Cinema Italiano is only the most visible program from the ICHF, which serves what Schooley – who holds dual citizenship – calls “a sizeable population” between the true immigrants and the Italian-Americans. “Add in UCSB and it’s a large group for the size of the town,” she says.

ICHF also sponsors Italian classes – Schooley volunteers to teach the advanced conversation class in her Montecito home. “The students are at a very high level,” she says. “I print out articles from Italian newspapers and magazines, the students prepare an essay and then we discuss them in class in Italian.” Another 10-week session starts on September 13, the day after a more basic Italian class “for tourists” begins at the Franklin Community Center. The foundation also sponsors scholarships at the City College to help send students to Italy to study abroad.

“We’d also like to start doing something meaningful with the UCSB Italian program,” Schooley says, adding that Anna Brusutti, a film studies professor who specializes in Italian cinema and is affiliated with ICHF, will introduce each of the festival films this month. “Reaching out to young people is very important because they are the ones who can most perpetuate the culture.”

(For information on Cinema Italiano, visit italianheritagesb.org or call 969-1018.)

Cousteau Finale

Elsewhere, Elings Park closes out its summer-long “Movies Nights” series on September 20 with a special screening of “America’s Underwater Treasures,” which features Santa Barbara-based Jean-Michel Cousteau and his team of underwater explorers visiting all 13 national marine sanctuaries in the U.S. The film is also the season finale for Cousteau’s nationally broadcast series on PBS. Cousteau and his team will introduce the film, and local environmental organizations will have booth displays. Info at 569-5611 or 899-8899, ext. 121.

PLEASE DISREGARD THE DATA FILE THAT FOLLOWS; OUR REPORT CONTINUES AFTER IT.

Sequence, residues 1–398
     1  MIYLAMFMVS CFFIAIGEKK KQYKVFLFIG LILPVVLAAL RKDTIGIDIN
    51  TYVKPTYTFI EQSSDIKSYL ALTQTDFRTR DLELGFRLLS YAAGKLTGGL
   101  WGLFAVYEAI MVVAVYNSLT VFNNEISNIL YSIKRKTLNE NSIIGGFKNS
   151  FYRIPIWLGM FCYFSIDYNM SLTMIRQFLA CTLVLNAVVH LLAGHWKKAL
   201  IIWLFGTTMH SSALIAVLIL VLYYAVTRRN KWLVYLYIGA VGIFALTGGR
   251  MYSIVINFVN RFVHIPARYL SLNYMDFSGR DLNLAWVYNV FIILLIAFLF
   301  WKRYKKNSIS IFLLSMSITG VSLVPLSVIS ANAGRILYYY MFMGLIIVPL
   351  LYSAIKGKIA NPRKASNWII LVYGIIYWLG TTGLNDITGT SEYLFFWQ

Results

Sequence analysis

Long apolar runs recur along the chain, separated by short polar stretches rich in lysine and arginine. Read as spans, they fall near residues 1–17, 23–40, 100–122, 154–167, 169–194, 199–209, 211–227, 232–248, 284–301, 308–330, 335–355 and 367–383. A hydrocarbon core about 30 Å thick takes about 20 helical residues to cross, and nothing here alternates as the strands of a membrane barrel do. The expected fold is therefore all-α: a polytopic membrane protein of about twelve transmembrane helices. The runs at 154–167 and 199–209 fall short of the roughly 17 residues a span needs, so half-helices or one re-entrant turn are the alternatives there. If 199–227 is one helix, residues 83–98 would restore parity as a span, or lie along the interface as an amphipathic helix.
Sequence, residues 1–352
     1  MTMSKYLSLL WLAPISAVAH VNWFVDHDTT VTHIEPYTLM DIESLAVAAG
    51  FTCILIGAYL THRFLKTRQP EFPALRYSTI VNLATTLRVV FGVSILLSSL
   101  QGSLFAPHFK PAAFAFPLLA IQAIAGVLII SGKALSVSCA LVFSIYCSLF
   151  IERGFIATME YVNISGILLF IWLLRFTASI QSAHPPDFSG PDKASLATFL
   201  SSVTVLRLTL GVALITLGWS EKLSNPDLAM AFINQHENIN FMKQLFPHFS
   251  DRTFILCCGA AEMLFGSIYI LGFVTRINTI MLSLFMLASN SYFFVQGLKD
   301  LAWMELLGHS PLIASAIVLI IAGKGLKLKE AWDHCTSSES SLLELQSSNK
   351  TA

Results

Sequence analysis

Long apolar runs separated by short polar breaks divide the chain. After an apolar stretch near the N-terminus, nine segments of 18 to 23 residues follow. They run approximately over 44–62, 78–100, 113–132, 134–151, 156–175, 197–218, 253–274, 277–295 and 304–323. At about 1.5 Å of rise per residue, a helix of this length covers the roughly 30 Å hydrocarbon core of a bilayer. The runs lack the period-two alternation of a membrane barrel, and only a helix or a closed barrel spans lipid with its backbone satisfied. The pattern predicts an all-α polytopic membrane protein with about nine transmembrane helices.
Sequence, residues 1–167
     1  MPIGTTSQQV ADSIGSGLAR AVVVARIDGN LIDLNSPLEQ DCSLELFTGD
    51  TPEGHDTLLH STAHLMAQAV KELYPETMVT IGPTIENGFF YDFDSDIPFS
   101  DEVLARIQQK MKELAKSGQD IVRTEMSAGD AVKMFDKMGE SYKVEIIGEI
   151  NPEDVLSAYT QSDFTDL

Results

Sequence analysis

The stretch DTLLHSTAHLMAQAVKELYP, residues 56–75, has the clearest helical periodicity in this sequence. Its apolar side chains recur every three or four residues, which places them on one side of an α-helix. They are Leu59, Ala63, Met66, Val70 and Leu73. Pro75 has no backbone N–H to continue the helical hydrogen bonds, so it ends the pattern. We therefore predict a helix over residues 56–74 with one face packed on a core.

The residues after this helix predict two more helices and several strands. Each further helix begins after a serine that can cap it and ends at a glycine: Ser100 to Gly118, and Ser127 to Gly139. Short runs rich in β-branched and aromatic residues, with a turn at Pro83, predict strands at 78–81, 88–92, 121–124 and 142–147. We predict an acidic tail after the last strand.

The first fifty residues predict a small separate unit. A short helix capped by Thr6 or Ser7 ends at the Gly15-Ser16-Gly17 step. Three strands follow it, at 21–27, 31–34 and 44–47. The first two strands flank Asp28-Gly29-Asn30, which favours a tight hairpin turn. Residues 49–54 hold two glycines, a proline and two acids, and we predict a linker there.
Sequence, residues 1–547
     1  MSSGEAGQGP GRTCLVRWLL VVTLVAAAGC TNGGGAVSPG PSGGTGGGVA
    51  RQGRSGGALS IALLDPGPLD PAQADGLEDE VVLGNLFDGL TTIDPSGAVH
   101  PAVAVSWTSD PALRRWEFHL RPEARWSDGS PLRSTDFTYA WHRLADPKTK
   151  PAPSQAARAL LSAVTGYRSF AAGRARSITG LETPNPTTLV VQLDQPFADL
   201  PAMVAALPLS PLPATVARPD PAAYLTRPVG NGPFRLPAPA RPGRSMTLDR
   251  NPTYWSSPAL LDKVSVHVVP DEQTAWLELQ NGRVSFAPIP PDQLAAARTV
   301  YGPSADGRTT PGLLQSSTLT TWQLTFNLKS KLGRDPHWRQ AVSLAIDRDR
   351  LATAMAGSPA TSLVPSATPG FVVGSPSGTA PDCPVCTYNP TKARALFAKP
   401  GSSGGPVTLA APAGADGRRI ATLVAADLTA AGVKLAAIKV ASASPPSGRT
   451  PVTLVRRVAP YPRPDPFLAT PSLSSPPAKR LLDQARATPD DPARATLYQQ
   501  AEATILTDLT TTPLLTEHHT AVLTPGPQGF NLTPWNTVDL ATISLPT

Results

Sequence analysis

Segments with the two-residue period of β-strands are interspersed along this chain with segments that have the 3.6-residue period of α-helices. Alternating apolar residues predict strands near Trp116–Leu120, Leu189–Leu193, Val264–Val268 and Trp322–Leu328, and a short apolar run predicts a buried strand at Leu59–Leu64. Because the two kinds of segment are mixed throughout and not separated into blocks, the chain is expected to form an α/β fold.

Fall Film Classes

We’re not above giving a film friend a shameless plug, especially when we admire what he brings to town. Richard Alpert’s Adult Education courses – which he’s been teaching for years now – won’t instruct you how to direct your own features or short documentary, but they serve as the next best thing to the old revival houses, where one could watch a classic or cult film and then usually find a few fellow cinephiles who wanted to talk about it afterwards. Alpert’s three classes (Monday nights, Wednesday afternoons and Thursday mornings) all have different titles, but they follow the same format: screen a film (on DVD or video) and then conduct a discussion. The 30 entries for the new season – one each per class of the 10-week session – range from William Wyler’s 1936 classic “Dodsworth” to 2004’s “A Love Song for Bobby Long,” with such quirky titles as Carl Reiner’s hilarious “Where’s Poppa?,” John Ford’s ‘50s safari saga “Mogambo” and Preston Sturgis’ engaging “Sullivan’s Travels” as part of the mix. Classes start the week of September 11, but you can register any time and come and go as you please. (Details online at ce.sbcc.edu.)